• Argentine prosecutors have been investigating the bombing and what government officials may have known about it for years. In 2015, the special prosecutor on the case, Alberto Nisman, was found dead in his home. Nisman had also alleged Fernández's involvement. [Al Jazeera / Teresa Bo]
  • The arrest warrant Bonadio issued today is based on Nisman’s investigation. [Deutsche Welles]
  • Fernández has pushed back on the accusations, saying Bonadio is out to get her for political reasons. The Senate will also have to vote on lifting her immunity before she can be arrested; however, two of her political allies were recently arrested as well. [BBC]

Miscellaneous

  • Researchers have found that narwhals are bad at handling stress, instead using up “almost all of their energy in an instant by essentially stopping their hearts while thrashing as hard as they can to swim away.” Honestly, same. [Quartz / Katherine Ellen Foley]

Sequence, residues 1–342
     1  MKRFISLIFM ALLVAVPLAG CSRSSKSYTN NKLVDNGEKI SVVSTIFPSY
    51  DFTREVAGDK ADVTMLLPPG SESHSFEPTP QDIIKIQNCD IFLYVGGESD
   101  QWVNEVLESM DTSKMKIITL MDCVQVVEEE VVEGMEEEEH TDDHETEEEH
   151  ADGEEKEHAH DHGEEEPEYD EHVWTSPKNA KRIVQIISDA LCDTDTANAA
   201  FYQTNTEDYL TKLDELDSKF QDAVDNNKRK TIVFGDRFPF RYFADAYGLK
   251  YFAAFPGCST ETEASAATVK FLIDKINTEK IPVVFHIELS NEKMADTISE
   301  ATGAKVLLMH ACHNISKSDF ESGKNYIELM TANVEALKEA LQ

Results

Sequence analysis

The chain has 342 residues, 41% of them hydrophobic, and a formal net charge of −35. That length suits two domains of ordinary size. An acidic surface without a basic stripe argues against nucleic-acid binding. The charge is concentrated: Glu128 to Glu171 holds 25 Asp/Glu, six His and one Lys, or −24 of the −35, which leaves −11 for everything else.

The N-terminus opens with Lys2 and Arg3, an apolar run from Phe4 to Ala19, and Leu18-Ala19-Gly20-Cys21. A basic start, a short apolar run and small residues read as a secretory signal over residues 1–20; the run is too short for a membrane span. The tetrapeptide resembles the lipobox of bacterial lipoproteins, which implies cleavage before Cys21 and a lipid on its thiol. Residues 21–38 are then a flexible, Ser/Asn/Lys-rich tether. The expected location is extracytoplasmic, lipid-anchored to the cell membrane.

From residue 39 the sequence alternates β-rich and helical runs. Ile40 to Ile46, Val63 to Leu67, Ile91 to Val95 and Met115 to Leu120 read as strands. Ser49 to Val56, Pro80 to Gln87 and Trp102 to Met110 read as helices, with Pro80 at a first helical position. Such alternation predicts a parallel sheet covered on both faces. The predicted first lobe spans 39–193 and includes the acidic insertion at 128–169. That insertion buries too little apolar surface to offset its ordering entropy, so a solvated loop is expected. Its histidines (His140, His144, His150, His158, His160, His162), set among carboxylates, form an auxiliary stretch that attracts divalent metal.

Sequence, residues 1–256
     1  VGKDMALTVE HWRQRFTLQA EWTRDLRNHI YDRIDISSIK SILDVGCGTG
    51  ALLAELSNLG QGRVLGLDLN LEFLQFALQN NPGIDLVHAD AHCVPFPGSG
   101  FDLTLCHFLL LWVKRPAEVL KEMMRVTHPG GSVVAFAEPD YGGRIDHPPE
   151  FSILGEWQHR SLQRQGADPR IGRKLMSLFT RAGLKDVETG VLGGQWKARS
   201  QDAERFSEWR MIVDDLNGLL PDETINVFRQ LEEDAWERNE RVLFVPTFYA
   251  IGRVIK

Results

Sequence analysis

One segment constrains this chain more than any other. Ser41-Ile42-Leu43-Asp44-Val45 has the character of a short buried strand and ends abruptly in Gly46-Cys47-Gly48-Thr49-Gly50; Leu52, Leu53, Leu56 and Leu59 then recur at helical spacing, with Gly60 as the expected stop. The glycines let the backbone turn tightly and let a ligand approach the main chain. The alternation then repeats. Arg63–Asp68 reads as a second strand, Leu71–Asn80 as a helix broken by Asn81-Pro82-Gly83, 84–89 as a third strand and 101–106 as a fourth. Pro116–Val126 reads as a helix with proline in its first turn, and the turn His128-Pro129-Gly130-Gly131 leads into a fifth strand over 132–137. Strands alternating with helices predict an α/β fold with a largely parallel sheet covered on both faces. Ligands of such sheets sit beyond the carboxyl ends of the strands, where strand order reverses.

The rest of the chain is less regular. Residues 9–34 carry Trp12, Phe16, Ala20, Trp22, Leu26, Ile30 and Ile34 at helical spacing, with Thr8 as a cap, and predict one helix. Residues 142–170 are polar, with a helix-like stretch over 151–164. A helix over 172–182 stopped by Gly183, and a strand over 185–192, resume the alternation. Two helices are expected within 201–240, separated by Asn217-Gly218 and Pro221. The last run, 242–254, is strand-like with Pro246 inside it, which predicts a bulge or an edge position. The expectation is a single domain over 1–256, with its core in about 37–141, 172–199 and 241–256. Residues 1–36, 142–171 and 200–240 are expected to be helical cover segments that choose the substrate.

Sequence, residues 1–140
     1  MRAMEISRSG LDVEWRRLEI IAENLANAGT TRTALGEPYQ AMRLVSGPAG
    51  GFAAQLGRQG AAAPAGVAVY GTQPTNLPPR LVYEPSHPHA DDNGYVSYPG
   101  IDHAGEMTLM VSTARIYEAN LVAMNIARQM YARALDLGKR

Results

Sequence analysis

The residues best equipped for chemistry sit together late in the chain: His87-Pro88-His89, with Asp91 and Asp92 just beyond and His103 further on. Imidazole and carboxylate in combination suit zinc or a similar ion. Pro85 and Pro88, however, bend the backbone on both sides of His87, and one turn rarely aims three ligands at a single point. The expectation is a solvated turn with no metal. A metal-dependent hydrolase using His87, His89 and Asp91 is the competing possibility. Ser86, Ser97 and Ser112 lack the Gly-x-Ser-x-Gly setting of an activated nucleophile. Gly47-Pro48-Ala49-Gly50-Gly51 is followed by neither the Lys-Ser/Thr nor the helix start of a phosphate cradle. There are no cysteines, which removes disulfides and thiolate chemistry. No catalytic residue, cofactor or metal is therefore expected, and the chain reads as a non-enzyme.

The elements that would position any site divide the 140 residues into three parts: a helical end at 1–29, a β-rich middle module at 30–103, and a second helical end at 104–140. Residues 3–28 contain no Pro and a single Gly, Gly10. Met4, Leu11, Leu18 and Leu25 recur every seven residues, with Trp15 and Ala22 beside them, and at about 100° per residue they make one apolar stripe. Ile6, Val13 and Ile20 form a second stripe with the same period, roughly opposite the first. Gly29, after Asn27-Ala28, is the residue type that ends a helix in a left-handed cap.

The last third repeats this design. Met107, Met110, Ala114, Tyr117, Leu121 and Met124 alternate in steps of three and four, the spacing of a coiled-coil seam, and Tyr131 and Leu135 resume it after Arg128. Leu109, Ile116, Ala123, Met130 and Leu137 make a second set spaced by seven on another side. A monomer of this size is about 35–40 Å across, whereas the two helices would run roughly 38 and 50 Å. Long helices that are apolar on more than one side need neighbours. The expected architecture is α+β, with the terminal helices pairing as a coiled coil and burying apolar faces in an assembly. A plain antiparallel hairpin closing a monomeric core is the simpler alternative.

• It turns out the mystery buyer who paid $450 million for Leonardo da Vinci’s Salvator Mundi painting is Saudi Arabia’s Crown Prince Mohammed Bin Salman. [WSJ / Shane Harris, Kelly Crow, and Summer Said]
  • We might finally get that big, beautiful infrastructure plan President Trump has been talking about so much. [Bloomberg / Mark Niquette]
  • Here’s a campaign ploy you don’t see every day: Alabama Senate candidate Roy Moore has promised that he and his wife will ride on horseback to the polls on December 12, continuing a longstanding tradition of Moore’s. No word on if they will pass the Gadsden Mall. [The Hill / Avery Anapol]

Verbatim


Watch this: The US medical system is still haunted by slavery

Black women's history matters in medicine. [YouTube / Ranjani Chakraborty]